Battlestations: Midway


By: Emily Buxton    On: Xbox 360
Published: Friday 2 Mar 2007 10:00 AM
 
 
 
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To start in a somewhat blunt fashion, this game won’t appeal to everyone. In fact, I’ll go so far as to say it won’t appeal to a lot of people. However, true fans of the strategy and/or WWII and/or naval genres may find this enjoyable.

Taken back to 1942, you step into the shoes of Henry Walker, a young American naval recruit. As the Japanese launch their surprise attack on Pearl Harbour, your new military career is kicked into overdrive and before you know it, you have an entire fleet of ships at your command and orders to defeat the enemy at all costs. No problemo.

Unfortunately, talking the talk is much harder than walking the walk in Battlestations Midway. From the sudden attack on Pearl Harbour to the turning point of the war, the battle of Midway, you’re dropped into 11 very large battles. You have the ability to jump in the driver’s seat of every single unit at your disposal, from colossal carrier ships and sleek black submarines to feisty little planes.

Although you can direct your units using group and formation battle tactics, the ability to take over any individual unit can be daunting and distracting. It becomes far too easy to get caught up in submarine stealth tactics or fancy flying formations, while in the meantime your poor ships are being torn apart by enemy fire. To gamers such as myself who are unaccustomed to strategy games, Battlestations Midway makes for a steep learning curve.

My complete lack of military knowledge also came as quite a handicap. I almost failed the first mission simply because I didn’t see a tiny little periscope sticking out of the water next to my boat. “Quick sailor, the F28 D9 class destroyer is targeting you!”. Yep, it sounded bad, and judging by the state of my rapidly sinking ship, it was. Of course, it would have helped if I knew the F28 D9 destroyer Cruiser whatsherface was a submarine in the first place.

With a huge number of different units to choose from in each battle, it can be tempting to find a favourite boat or plane and simply stick with it. Each vehicle has a number of different strengths and weaknesses though, so learning which unit is suited to which situation is a must if you want to have any chance of progressing through the storyline or challenges. Those with short attention spans may find this a problem, so be ready to sit in for the long haul.

The graphics in Battlestations Midway are certainly good but on the whole don’t look any more impressive than games like Far Cry Predator did on the original Xbox. This wouldn’t be too much of a problem given that Predator looked pretty sweet, but this is a new game on a next generation console. Sadly, the cut scenes are of a fairly current gen standard too, dragging the entire graphical feel of the game down. An honourable mention should go to whoever was responsible for the sky and weather effects though. The clouds and sunsets generally look amazing, even to the point of distraction when flying your planes. There are only so many glimpses of epic cloud formations you can take when trying to pull a plane out of a harrowing dive.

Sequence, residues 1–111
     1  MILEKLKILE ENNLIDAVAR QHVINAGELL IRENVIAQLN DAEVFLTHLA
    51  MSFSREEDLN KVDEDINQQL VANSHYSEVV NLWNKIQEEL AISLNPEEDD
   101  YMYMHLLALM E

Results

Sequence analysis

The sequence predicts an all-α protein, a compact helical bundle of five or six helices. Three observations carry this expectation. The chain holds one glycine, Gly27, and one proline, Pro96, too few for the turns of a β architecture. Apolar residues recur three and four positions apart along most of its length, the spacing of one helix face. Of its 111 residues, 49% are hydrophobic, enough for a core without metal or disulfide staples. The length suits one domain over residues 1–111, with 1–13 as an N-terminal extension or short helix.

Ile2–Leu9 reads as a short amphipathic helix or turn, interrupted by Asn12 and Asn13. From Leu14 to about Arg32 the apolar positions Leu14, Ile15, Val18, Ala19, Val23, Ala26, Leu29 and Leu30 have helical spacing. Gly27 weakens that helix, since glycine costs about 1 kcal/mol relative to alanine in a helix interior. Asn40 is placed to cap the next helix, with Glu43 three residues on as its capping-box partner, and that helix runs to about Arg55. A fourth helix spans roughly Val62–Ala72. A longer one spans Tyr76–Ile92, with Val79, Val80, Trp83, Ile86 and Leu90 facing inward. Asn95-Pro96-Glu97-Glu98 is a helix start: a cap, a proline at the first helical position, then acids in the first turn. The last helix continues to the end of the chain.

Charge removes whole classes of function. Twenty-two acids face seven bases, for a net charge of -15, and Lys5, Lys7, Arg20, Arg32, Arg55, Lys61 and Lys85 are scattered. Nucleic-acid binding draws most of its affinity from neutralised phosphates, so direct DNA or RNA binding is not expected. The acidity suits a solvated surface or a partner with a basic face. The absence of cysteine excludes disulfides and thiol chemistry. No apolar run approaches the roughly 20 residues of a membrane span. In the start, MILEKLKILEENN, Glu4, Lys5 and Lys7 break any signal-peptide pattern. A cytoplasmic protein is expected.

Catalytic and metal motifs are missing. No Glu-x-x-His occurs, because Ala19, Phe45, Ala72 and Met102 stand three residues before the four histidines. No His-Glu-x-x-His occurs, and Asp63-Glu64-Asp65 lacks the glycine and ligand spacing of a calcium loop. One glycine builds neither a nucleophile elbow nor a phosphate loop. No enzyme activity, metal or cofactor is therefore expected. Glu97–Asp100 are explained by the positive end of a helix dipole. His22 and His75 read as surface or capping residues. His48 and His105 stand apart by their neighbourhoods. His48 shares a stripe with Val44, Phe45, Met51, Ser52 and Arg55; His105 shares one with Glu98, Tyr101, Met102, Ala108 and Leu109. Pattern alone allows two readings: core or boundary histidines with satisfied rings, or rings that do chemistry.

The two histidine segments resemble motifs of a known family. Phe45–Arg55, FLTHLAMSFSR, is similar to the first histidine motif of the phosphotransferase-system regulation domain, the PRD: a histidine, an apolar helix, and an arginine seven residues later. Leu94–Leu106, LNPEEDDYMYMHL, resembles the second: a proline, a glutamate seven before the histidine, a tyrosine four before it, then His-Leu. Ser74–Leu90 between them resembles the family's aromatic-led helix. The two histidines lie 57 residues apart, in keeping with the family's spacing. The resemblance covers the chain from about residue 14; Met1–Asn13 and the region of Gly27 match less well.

The sound featured in the game leaves a bit to be desired. There’s the obligatory stirring war anthem which is featured again, and again, and again. The voice acting borders on cheesy, which detracts from the actual storyline, but the sound effects are reasonable and stand up to inspection.

Aside from the main mission, Battlestations Midway also includes 12 extra challenges and the ability to face other players in head-to-head or co-operative style online battles. A decent collection of online and offline achievement awards and three difficulty settings round off the game in a satisfactory way.

For what it is, Battlestations Midway is a well-crafted game. Sadly, the general lack of appeal to anyone but naval enthusiasts will probably keep this game on the shelf far longer than it deserves. The ability to control each battle entirely from plane to boat to sub may scare off the casual gamer looking to delve into a new genre. As Captain Planet was fond of saying, “the power is yours” - and in Battlestations Midway, it really is. Put on your strategy hat and prepare for some fiendishly difficult and drawn-out combat.

Battlestations Midway is now available in New Zealand for the Xbox 360 and the PC.


The Score

Battlestations: Midway
"Yet another trip back in time to WWII. "
7.5
Good
Rating: M   Difficulty: Medium   Learning Curve: 1 Hour

 

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